This is a complete list of season 1 episodes. Without further ado let’s dive in and begin at the beginning.
Streaming Alert: If you’re a cable TV subscriber, Turner Classic Movies (TCM) should have this available for streaming on their WatchTCM website and app for at least another couple of weeks.
It’s Christmas Eve, so Merry Christmas to those who celebrate it, and Happy New Year to those who don’t (we can all agree that the year ends on December 31st, right?) This holiday film is one of my all-time favorites, though it’s a “Christmas movie” in the same way that, say, Die Hard (1988) is a “Christmas movie,” because it takes place during that season while not having anything to do with Santa Claus or Jesus or “the magic of the season.” The Shop Around the Corner (1940) involves two parallel stories about the beginning of one romantic relationship and the painful end of another, which lends it that air of melancholy that all of the best Christmas movies have. We can appreciate the happy ending our main characters have because we know the potentially sad ending years down the road.
We start with Ernst Lubitsch, one of the few directors in classic Hollywood who was so well-known, he had his own tagline: “the Lubitsch touch.” Of the films he made under the censorship regime of the Production Code, this is one of the best examplars of how he was allowed to handle themes that were supposed to be strictly forbidden (like suicide and adultery) because the censors trusted him to use his “touch” to make the audience empathize with the characters rather than using the themes for cheap sensationalism.
(For a glimpse of what Lubitsch was capable of under less restrictive censorship, take a look at one of his greatest films, Trouble in Paradise (1933), covered by yours truly over at my Pre-Code films blog.)
This film was very personal for Lubitsch because the character of Mr. Matuschek (played by Frank Morgan in probably his best performance) was partially based on Lubitsch’s own father, who was a similarly tyrannical shop owner in Berlin while Lubitsch was growing up — the young Ernst even worked at his father’s store as a teenager. It was based on a Hungarian play about a perfume shop and adapted by one of Lubitsch’s regular screenwriters, the great Samson Raphaelson. It has been adapted several times as a film (including In the Good Old Summertime (1949) and You’ve Got Mail (1998)) and even a Broadway show (She Loves Me), but none of the remakes has ever equalled this simple story of Matuschek and Company, “just around the corner from Andrassy Street – on Balta Street, in Budapest, Hungary.”
I have to admit, I was really torn between reviewing this movie and Holiday (1938), because I love them both so much, but I think this one dovetails nicely with our current election situation, because it’s all about the press being venal, self-serving, and short-sighted, and only stumbling on the truth by a convenient coincidence. His Girl Friday (1940) is a deeply, deeply cynical movie at its heart, and that truth is only slightly concealed by the charms of its stars.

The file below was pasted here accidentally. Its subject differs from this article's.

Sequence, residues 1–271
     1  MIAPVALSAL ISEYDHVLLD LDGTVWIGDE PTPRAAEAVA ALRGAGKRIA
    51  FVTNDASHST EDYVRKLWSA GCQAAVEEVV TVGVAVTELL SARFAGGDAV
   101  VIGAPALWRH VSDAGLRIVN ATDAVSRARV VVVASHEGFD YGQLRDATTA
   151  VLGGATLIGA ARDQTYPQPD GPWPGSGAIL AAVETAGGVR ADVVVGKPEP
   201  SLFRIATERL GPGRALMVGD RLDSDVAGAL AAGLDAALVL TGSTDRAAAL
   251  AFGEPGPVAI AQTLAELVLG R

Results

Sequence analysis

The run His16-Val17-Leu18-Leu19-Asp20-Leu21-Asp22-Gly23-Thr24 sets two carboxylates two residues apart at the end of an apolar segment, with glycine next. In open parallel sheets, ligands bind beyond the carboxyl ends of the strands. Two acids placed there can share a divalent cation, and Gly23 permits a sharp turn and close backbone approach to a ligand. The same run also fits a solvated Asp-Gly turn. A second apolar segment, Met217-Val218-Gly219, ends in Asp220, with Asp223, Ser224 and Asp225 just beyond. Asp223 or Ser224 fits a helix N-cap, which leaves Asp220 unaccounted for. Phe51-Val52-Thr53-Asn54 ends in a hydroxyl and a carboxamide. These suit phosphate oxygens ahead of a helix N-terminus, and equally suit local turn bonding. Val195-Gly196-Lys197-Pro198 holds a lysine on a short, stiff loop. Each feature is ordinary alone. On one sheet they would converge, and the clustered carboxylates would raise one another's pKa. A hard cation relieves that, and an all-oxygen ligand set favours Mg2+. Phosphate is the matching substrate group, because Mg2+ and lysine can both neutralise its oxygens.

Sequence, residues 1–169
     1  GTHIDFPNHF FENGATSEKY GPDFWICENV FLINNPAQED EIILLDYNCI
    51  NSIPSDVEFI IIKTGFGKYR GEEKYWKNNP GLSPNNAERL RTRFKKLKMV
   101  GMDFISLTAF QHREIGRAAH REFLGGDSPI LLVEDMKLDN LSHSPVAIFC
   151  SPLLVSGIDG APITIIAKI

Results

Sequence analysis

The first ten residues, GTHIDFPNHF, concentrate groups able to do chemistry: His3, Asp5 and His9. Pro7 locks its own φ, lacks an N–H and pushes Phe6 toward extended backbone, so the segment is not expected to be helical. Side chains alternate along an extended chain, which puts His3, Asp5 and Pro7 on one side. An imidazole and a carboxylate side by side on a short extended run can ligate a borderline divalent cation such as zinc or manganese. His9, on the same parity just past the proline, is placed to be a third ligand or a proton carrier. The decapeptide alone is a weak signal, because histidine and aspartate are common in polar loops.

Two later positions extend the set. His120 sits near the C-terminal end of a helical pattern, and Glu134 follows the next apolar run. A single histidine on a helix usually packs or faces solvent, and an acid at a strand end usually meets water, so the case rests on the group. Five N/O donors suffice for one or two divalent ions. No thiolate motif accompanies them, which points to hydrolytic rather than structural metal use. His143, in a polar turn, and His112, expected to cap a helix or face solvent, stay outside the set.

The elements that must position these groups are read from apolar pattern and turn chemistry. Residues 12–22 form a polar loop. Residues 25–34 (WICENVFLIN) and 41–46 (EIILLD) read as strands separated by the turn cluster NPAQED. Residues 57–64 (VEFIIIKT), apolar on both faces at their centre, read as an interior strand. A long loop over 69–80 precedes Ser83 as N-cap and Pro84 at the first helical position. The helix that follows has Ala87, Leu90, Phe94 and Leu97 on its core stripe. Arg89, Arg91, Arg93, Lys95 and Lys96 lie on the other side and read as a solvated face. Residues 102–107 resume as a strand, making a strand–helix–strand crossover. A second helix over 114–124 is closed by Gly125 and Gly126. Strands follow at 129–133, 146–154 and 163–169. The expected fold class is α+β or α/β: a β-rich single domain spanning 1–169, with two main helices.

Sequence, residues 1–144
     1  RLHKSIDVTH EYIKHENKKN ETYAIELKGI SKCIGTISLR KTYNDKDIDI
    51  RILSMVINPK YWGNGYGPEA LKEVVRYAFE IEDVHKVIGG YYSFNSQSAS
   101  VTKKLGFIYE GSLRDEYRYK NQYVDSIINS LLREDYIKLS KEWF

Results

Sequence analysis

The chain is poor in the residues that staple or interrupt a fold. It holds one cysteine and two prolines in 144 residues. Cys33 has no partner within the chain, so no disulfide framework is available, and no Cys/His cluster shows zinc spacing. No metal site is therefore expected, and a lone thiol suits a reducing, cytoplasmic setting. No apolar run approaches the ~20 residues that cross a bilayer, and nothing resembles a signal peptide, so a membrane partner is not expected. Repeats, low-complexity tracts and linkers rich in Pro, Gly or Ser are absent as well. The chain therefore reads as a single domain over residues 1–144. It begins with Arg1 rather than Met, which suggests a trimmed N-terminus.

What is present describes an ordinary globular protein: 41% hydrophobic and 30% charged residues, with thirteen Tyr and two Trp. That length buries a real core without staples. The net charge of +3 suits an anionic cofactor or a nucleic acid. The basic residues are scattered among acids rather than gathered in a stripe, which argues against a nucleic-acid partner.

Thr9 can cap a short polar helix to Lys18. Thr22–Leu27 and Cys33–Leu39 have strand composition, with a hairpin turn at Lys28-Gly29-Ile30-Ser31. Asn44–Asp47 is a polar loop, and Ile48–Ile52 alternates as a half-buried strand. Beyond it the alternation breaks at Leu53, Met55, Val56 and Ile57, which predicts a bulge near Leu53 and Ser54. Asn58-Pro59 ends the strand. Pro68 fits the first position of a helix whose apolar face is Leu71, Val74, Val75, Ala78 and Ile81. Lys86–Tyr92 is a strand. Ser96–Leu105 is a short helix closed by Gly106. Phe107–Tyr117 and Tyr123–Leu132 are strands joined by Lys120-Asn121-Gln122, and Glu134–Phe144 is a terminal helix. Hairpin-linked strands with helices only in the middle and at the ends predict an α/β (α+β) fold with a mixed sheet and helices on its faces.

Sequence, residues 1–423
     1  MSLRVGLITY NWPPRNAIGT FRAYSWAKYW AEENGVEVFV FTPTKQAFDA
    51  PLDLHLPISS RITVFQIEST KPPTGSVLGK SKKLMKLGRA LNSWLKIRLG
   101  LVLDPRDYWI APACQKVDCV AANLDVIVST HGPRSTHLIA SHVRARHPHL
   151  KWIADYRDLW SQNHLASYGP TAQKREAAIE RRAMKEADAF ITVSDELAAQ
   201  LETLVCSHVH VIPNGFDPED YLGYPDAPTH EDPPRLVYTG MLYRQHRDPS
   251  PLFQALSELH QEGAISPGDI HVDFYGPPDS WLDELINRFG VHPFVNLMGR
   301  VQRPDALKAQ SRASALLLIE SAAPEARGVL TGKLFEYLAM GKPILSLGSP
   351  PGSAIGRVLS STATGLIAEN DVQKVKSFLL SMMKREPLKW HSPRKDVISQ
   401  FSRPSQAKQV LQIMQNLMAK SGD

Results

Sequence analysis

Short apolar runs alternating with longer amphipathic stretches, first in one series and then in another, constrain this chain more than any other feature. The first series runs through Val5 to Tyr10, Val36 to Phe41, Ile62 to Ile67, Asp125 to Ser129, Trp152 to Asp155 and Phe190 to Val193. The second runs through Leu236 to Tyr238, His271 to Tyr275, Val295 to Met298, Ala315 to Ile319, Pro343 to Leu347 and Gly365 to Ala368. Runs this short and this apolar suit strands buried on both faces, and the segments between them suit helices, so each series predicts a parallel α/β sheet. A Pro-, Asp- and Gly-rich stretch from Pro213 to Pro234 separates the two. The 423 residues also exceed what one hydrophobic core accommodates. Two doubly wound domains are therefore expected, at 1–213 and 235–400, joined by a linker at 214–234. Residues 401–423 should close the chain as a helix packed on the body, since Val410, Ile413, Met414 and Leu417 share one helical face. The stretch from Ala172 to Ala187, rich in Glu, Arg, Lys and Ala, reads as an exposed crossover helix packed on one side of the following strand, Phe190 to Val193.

Since I was apparently too subtle in mentioning that The Haunting was adapted from Shirley Jackson’s novel of (almost) the same name, I will say right up front that His Girl Friday is an adaptation of Ben Hecht and Charles MacArthur’s The Front Page, a classic play that, like Jackson’s book The Haunting of Hill House, I’ve never read. There are a couple of different stories about exactly what made director Howard Hawks realize that The Front Page‘s bromance between reporter Hildy Johnson and editor Walter Burns could be made into a straight-up hetero romance rather than a story filled with repressed homosexual love, but it makes perfect sense that Hawks would be that guy. Of the “Golden Age” Hollywood directors like John Ford or Frank Capra, Hawks always had the most consistently strong women and always seemed to be the most comfortable with women who could hold their own with and be accepted by the male characters while still being sexy romantic leads. Even when he made a musical starring Marilyn Monroe, in Hawks’ hands it became the story of a strong friendship between two women, not just a story about gold-digging showgirls.
One thing before we start: director Hawks specifically wanted to replicate the fast-moving, fast-talking action of the stage play, so if you have any kind of hearing issues, you may want to turn the closed-captioning on so you don’t miss any vital plot points. The technology of the time required that a series of concealed microphones — up to 35 for a single scene — be turned on and off at precise times, a task made even more difficult by the fact that Hawks encouraged his leads to improvise their dialogue. Though it must have given the sound men conniptions to try and keep up, the effect makes the film still seem fresh and modern 76 years later, and of course the fashion for snappy overlapping dialogue continues to this day.